The groups receiving the data should not share it with others unless prior arrangements were made. Instead, requests for data should be passed on to the original collectors of the data. External Disclosure Each act of external disclosure should be covered by a contract that expresses the limits of processing the data and the retention and destruction policy for the data. The terms of the contract should reflect any commitments made around third party or first party sharing in regard to the service providers who are working on behalf of the organization collecting the data. The contract should also comply with any privacy notices. Each external data flow should be documented on a data flow diagram that points to the contract as well as other descriptive information about the data flow, such as data inventory.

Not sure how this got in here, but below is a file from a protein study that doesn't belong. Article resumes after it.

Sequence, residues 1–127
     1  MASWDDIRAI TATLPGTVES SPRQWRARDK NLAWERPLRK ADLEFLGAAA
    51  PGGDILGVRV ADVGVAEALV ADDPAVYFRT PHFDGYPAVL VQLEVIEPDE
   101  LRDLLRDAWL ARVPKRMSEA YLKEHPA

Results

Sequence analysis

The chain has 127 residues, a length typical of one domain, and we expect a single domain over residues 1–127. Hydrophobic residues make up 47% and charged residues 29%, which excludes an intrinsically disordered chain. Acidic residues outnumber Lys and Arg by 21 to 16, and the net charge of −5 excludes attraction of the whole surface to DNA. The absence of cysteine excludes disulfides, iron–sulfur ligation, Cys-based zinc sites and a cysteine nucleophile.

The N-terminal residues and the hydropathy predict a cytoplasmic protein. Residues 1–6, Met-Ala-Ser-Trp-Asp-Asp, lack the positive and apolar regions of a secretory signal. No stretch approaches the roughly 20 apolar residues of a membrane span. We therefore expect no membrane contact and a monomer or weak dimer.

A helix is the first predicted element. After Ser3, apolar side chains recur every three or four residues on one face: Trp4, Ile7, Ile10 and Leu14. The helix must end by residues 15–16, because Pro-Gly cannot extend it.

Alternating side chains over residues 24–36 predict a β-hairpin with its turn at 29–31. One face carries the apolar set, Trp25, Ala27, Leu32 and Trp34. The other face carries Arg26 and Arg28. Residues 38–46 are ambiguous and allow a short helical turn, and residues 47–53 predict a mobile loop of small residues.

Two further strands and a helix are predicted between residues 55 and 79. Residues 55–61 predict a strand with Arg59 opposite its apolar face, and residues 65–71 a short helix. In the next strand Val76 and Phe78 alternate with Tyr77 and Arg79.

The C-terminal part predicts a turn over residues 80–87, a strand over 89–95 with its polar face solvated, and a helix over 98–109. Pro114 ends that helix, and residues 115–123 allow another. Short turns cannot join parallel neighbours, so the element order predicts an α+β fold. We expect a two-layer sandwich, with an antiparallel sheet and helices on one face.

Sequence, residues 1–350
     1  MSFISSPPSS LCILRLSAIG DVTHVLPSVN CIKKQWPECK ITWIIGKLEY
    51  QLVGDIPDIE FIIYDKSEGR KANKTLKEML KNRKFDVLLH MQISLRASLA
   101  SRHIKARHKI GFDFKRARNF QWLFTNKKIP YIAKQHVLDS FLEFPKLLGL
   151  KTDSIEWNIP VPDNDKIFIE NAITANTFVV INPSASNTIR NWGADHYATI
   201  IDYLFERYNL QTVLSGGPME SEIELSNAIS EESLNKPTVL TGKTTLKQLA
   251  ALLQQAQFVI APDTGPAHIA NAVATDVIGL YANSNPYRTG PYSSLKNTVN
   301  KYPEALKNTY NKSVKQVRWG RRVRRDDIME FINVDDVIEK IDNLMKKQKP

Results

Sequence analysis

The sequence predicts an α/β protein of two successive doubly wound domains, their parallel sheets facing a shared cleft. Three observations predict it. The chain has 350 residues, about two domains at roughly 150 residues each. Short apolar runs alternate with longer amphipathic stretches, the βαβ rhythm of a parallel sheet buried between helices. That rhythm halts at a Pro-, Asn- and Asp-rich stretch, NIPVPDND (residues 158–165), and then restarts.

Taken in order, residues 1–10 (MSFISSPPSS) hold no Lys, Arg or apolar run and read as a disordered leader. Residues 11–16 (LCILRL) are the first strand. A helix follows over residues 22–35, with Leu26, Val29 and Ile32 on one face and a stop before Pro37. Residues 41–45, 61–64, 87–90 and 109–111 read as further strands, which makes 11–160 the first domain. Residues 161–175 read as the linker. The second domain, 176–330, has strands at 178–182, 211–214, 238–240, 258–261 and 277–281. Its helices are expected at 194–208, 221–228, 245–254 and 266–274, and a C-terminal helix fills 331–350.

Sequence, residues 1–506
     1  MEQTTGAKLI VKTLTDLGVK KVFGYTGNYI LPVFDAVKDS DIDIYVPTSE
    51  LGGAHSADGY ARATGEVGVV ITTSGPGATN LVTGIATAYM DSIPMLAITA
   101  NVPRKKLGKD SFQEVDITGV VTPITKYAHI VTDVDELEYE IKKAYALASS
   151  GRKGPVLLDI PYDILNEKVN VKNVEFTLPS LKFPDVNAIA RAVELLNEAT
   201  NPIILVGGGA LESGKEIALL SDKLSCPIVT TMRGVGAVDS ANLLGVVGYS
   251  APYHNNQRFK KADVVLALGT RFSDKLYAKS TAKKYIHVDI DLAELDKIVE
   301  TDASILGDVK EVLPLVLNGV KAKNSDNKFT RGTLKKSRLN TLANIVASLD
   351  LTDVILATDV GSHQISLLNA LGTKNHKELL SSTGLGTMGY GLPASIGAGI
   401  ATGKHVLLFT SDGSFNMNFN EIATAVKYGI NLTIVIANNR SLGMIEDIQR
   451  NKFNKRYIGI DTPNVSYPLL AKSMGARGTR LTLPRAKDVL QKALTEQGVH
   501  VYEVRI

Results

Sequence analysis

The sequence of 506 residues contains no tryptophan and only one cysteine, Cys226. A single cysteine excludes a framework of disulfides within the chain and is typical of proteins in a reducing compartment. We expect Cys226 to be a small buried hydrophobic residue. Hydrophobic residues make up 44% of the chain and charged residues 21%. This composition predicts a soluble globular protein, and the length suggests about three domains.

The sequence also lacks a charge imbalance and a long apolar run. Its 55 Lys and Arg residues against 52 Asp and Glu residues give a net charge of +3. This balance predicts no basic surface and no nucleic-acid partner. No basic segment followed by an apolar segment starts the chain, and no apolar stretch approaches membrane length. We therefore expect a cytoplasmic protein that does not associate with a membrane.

According to legal Obligations Organizations should be clear about their obligations to disclose information to law enforcement authorities or government officials. Where possible, any requests for data should be made public. According to notice, any data disclosure by an organization should be described in its privacy notice, even if that data disclosure is only expected to happen between internal groups. An organization should not be disclosing data to entities unless it is stated in its privacy notice. This type of transparency is often overlooked by organizations and is the source of angst for privacy advocates. Where possible and practical, organizations should provide information in their privacy notice about who will have access to their data. Minimization and Anonymization the data minimization principle applies to the disclosure of information and can be more critical for disclosure than for other principles, as once data leaves the control of an organization, there is no way to know with certainty what will happen to it.